Harsh Blow: Ken Kalfus’s PU-239

Fiction Film Politics Russian Television


HBO's new feature movie PU-239 is based on a short story by Ken Kalfus, whose dark comedy A Disorder Peculiar to our Country was one of my favorite novels of 2006. PU-239 is no kinder to its characters than Disorder, but this time the setting is post-Soviet Russia and the stakes are higher: a young husband and father is exposed to a toxic dose of radiation in a nuclear power plant accident, and when the bureaucrats who run the plant refuse to compensate him so that his wife and son can survive his eventual death he steals a tube of plutonium and travels to a city bazaar to attempt to sell it -- he doesn't care to whom -- by holding up a cardboard sign reading "PU-239".

A local black marketeer and amateur criminal sees him and demands "Pu? What is Pu?". This obnoxious young criminal seems hardly capable of handling a nuclear sale, but other options are slim, and the radiation-sickness victim and the young thug begin working together to find a buyer. The horrific results are funny to watch ... until you think about how much damage is done. That combination of wit and utter human devastation appears to be a Ken Kalfus signature, and while some reviewers of this new film have compared it to A Clockwork Orange (because of the brutality of the prowling thugs who work the local black market) a better reference point might be Harold Pinter. As in a typical Pinter play, the characters are so morally isolated that they can barely communicate with each other. The plutonium seller wants $30,000 for his stash, and his criminal associate naturally increases this to $50,000 but then eagerly attempts to complete a sale for $8000. Nothing matters, nobody is listening to anybody else, and by the end of this movie nothing is solved and a whole lot of terrible new problems are created.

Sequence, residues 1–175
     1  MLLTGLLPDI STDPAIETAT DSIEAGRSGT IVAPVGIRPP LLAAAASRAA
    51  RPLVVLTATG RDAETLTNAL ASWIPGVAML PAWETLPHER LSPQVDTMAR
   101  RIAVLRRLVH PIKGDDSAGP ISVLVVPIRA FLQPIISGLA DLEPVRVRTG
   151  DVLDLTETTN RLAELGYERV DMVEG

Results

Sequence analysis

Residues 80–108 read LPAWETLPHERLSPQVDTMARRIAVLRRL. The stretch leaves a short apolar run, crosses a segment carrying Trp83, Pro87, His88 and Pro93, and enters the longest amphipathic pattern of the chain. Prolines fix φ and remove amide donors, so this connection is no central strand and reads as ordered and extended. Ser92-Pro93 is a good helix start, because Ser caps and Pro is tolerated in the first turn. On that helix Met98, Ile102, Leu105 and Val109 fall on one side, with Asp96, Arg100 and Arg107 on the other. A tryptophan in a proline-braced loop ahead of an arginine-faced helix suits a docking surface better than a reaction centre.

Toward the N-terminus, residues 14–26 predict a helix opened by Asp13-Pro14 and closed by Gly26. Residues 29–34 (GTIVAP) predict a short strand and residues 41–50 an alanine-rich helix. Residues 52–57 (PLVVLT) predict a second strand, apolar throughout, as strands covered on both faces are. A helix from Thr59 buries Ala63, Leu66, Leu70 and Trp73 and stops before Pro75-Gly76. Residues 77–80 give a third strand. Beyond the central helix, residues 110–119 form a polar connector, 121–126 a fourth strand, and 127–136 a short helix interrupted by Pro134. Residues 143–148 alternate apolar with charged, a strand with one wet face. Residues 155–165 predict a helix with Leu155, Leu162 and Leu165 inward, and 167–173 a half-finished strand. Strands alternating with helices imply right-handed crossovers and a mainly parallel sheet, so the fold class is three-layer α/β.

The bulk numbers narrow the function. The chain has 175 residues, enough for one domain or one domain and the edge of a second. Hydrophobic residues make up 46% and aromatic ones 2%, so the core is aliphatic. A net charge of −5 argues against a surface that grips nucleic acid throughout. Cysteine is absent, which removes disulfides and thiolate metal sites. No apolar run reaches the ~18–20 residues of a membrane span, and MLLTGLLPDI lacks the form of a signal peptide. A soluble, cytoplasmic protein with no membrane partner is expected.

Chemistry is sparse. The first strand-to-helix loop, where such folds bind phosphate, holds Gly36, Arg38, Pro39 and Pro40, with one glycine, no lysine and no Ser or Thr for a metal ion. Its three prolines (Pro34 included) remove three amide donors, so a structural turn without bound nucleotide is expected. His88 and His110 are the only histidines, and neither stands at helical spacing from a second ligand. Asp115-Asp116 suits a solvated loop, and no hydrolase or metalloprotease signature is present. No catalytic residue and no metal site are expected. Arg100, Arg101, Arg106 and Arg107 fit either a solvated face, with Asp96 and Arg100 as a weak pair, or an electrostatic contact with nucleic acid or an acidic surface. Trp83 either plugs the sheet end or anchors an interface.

That's the world according to Ken Kalfus, and I highly recommend PU-239, a disturbing television movie about nuclear proliferation and human frailty.
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